New Kids on the Block

New Kids on the Block

Learn more about two new AQHA classes: ranch trail and working hunter under saddle. 

AQHA's two newest classes are ranch trail and working hunter under saddle, illustrated here at the 2021 Built Ford Tough AQHYA World Championship Show. Shane Rux Photography.

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The American Quarter Horse Journal logo

By Holly Clanahan for The American Quarter Horse Journal 

A Quarter Horse that knows how to do his job and is a pleasure to ride while doing so? Yes, please! That’s what AQHA’s two newest show classes reward, although they are in two very different disciplines. Read on to find out more about ranch trail and working hunter under saddle. 

When these classes debuted as Level 3 world champion classes at the 2021 Built Ford Tough AQHYA World Championship Show, The American Quarter Horse Journal wanted to provide some additional insights for exhibitors and fans. Don’t miss the Judge’s Perspective videos the Journal produced for each of these new AQHA classes. 

 

Ranch Trail 

The AQHA Handbook of Rules and Regulations says this class tests a horse’s ability to negotiate a pattern of obstacles typically found during everyday ranch work. The horse-and-rider team is judged on correctness, efficiency and pattern accuracy, and the attitude and mannerisms of the horse. The ideal ranch trail horse is well broke, responsive and well mannered, with a natural ranch horse appearance from head to tail. 

Horses competing in ranch trail cannot also enter traditional trail. 

The courses must have between six and nine obstacles, with a large number of possibilities for show management to pick from. Mandatory obstacles and maneuvers include walk-, trot- or lope-over logs; gate; bridge; back-through; sidepass; and a drag (excluding youth classes). Optional obstacles can include a small jump, mailbox, slicker, crossing natural ditches or riding up embankments, throwing a rope at a dummy steer head, ground tying and more.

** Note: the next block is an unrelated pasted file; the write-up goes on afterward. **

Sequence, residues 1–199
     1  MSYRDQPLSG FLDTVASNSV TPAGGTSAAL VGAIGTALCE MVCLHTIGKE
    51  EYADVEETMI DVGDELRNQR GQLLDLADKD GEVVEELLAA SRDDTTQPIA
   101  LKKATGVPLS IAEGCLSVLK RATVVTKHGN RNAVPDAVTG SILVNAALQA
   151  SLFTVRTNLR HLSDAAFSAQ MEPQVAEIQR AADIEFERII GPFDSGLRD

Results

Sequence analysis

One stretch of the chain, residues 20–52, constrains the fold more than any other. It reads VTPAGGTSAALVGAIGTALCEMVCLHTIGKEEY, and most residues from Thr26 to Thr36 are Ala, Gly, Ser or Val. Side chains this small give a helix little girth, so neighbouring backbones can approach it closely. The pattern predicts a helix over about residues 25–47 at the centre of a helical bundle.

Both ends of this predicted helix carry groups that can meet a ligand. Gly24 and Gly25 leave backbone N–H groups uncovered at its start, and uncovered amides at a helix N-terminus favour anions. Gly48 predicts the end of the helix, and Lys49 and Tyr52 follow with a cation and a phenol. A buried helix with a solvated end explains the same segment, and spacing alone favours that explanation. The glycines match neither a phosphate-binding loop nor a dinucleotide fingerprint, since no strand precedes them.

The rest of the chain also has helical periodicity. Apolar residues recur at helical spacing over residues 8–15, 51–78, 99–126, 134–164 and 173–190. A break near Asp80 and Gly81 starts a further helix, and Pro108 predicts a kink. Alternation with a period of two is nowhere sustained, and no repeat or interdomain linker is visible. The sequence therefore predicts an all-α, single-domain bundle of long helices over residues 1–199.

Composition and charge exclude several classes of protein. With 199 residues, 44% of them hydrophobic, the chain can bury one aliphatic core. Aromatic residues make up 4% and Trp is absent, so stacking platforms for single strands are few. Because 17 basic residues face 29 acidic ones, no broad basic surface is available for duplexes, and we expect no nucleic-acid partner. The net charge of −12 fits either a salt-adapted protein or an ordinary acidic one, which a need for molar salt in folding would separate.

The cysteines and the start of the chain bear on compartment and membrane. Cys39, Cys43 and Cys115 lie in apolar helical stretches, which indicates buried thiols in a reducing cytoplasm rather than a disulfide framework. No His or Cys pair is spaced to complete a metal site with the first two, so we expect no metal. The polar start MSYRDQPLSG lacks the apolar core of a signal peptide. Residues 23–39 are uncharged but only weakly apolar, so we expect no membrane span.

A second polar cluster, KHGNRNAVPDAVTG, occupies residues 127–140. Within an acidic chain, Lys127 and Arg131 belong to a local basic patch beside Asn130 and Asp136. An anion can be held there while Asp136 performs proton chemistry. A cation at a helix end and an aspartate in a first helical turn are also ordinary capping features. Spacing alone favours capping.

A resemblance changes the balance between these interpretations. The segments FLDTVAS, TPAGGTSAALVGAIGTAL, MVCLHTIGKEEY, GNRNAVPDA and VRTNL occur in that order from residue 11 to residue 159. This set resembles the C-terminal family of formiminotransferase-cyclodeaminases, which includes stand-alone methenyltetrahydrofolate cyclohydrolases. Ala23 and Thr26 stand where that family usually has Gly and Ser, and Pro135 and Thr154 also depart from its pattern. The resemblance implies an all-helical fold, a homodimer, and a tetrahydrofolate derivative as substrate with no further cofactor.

Points are deducted for each penalty, fully described in the rulebook, but which include hitting logs or other components of an obstacle, failure to open and shut the gate, or other incorrect or incomplete attempts at negotiating obstacles. 

 

Working Hunter Under Saddle

According to the AQHA Handbook of Rules and Regulations, the purpose of this class is to exemplify a horse doing its job in the hunting field and to promote correct natural appearance and forward movement in all gaits. Horses should be shown with active, working and energetic ground-covering gaits at the walk, trot and canter. The gaits should be comparable to a horse performing a working hunter course.

In order to compete in working hunter under saddle, the horse must also be shown in at least one over-fences class (hunter hack, equitation over fences, working hunter or jumping) in any division at that show. Horses are not allowed to enter both working hunter under saddle and the traditional hunter under saddle class. 

Horses should back easily and stand quietly. For some more challenging maneuvers, the judge may call for a canter from the flat-footed walk; horses may be asked to lengthen their stride at the walk, trot or canter; and they may also be asked for a hand gallop of no more than 12 horses at a time. 

Faults in this class include excessive speed or slowness in any gait; head carried too high or too low, as well as behind the vertical; quick or short strides, breaking gait; or cantering on the wrong lead. 

For full rules, download a copy of the 2021 AQHA rulebook.